Two Short Years

I feel like I’m entering a U.S. president’s second term with all these gray hairs popping up. Fortunately, I’m not the president, and you can be assured I’ll never run for office. I won’t even run to the bathroom, I’ll pee my pants instead. I tore my ACL in my left knee when I was 13 during a Babe Ruth All Star Game. That’s why I don’t run. It’s never been repaired. The doctors said I’ll eventually need a whole knee replacement so I can just wear this one out, for as long as it lasts.

Baseball was my life. I had a passion for the game, and it was introduced to me at the perfect time. Unbeknownst to me, my parents would be heading toward divorce. When they got home from work, an argument would start behind their closed door. The doors were thin, those flimsy and hollow fake wood ones from the mid-80s couldn’t mute any sound. I’d leave the house and walk to the local junior high where I’d find a team practicing. I sat on the prickly wooden bench and watched. I repeated this action enough times until the coach came over and asked if I wanted to play. Hell yes.

I was able to practice with them that day, and a couple other days, until we had a game. I didn’t pay registration, I borrowed a glove, and I used my British Knights as cleats. Picture Scottie Smalls but without the ridiculous hat. That was me, flaunting a pair of MC Hammer pants. My first game was their last. I played first base and tripped three or four runners by putting my whole foot on the bag. I wasn’t very good at all. The game was new to me, and I wanted to get better.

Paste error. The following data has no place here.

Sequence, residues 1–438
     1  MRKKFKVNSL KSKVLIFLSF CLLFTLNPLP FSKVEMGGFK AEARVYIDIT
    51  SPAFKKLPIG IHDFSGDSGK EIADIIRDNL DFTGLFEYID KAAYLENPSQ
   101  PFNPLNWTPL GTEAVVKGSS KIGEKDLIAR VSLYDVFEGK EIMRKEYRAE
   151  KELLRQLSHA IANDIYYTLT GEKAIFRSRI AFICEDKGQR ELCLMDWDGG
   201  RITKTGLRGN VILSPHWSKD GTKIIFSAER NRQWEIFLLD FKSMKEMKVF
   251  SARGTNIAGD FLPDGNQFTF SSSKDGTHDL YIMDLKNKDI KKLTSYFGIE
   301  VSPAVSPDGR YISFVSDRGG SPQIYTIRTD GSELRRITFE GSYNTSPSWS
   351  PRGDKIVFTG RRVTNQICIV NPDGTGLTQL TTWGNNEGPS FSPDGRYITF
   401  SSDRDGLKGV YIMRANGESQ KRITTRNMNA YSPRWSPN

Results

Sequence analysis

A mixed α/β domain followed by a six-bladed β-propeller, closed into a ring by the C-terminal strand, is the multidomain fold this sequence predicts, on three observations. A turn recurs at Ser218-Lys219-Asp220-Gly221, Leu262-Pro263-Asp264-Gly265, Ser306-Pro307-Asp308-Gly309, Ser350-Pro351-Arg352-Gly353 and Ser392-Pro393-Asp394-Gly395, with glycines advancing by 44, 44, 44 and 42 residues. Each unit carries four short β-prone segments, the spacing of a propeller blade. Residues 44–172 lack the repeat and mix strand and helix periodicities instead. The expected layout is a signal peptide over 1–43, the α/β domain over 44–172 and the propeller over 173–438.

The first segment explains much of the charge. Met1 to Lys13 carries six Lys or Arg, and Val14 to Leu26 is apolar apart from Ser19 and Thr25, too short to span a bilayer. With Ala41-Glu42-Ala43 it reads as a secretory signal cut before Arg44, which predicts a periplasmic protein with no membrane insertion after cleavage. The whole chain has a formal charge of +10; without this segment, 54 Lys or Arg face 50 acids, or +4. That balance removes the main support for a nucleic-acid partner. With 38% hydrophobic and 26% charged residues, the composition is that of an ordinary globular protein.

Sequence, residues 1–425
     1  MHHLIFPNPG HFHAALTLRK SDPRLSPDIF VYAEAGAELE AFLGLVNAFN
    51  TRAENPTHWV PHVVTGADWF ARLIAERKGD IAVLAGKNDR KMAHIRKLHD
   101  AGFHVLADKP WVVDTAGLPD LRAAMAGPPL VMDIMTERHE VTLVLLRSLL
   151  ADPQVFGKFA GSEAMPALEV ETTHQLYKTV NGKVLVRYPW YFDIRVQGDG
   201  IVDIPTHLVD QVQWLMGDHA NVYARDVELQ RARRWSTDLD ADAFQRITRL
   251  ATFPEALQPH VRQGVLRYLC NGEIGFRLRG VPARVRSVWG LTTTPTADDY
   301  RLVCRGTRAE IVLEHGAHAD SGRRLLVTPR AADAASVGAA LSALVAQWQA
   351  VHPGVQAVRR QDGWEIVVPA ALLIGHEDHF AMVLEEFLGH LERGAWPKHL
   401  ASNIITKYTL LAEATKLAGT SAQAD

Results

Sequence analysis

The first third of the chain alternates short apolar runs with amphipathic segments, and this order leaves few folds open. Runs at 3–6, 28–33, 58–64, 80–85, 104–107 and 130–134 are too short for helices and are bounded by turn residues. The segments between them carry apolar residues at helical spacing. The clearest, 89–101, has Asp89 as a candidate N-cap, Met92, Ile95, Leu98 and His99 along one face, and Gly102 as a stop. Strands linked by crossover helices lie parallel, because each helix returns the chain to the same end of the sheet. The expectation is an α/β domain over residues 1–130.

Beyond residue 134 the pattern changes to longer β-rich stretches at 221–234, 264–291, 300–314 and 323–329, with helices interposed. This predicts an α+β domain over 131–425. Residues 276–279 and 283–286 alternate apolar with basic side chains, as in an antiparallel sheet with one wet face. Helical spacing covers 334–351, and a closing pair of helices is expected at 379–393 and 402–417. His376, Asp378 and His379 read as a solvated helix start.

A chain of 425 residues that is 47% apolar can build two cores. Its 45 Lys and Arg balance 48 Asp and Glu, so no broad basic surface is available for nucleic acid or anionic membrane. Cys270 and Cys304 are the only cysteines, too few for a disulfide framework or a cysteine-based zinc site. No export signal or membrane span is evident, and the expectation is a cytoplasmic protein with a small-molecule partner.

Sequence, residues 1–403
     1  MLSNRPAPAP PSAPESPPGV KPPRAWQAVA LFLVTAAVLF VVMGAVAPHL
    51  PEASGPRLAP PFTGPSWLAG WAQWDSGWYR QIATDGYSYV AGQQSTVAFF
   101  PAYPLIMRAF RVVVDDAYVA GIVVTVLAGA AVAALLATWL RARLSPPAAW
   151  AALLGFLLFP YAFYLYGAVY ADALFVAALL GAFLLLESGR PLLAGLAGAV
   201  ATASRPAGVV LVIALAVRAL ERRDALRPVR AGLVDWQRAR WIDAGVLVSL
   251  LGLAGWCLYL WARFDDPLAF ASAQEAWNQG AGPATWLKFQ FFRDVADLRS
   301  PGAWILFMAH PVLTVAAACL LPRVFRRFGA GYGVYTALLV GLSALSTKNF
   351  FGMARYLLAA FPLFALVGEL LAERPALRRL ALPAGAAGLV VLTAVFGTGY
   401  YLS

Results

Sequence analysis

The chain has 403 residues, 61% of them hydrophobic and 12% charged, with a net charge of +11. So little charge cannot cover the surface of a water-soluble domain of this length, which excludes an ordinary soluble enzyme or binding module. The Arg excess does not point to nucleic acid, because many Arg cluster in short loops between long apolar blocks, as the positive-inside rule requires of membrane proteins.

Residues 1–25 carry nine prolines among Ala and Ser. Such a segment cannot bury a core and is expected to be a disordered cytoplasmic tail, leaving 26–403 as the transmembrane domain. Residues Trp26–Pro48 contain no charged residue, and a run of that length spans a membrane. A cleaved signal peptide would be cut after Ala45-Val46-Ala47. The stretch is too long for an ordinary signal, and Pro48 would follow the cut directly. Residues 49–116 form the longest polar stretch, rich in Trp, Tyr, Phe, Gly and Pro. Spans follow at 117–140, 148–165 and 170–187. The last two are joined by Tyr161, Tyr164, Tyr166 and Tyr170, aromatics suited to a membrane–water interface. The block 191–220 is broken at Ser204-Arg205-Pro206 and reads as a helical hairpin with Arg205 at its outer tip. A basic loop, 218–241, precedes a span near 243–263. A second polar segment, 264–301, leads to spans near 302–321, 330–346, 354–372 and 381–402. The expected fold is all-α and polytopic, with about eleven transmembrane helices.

After my parents divorced and my mom remarried, my stepdad took me under his wing, became assistant coach, and taught me everything he knew about baseball. He took me to the elementary school down the street, and often, and showed me how to pitch, use my hips, and swing effectively. There weren’t posts on social media about how great of a stepdad he was, and we weren’t checking into Meadow Lane Elementary every time we practiced, no. He simply saw that I had a love for this game and he wanted to help me be better at it.

Two years later, I’d be playing in my first All Star tournament. I pitched, played centerfield, and batted towards the top of the lineup because of my ability to get on base. If you didn’t know me two years prior, you’d think I was a natural; that things like this come easy to some people. I can tell you it doesn’t. I came easier, and I was happier, because I was doing what I loved. I’d daydream of being on the mound at Candlestick Park. That’s where I wanted to be when I grew up.

I went from L-7 loser at anything baseball to having the best batting average in the whole league, in two short years. This wasn’t some miracle that happened in a field of dreams. It took practice and persistence. The love of the game and the support of a stepdad is what got me there. So whether you’re a single guy without kids, or a stepdad with a baker’s dozen, look for the ways you can help a child follow their dreams. It’s something that’ll last forever, unlike my knee.

Author: Full Time Daddy

CEO of Olive Us, LLC Founder of Single dad to two amazing daughters

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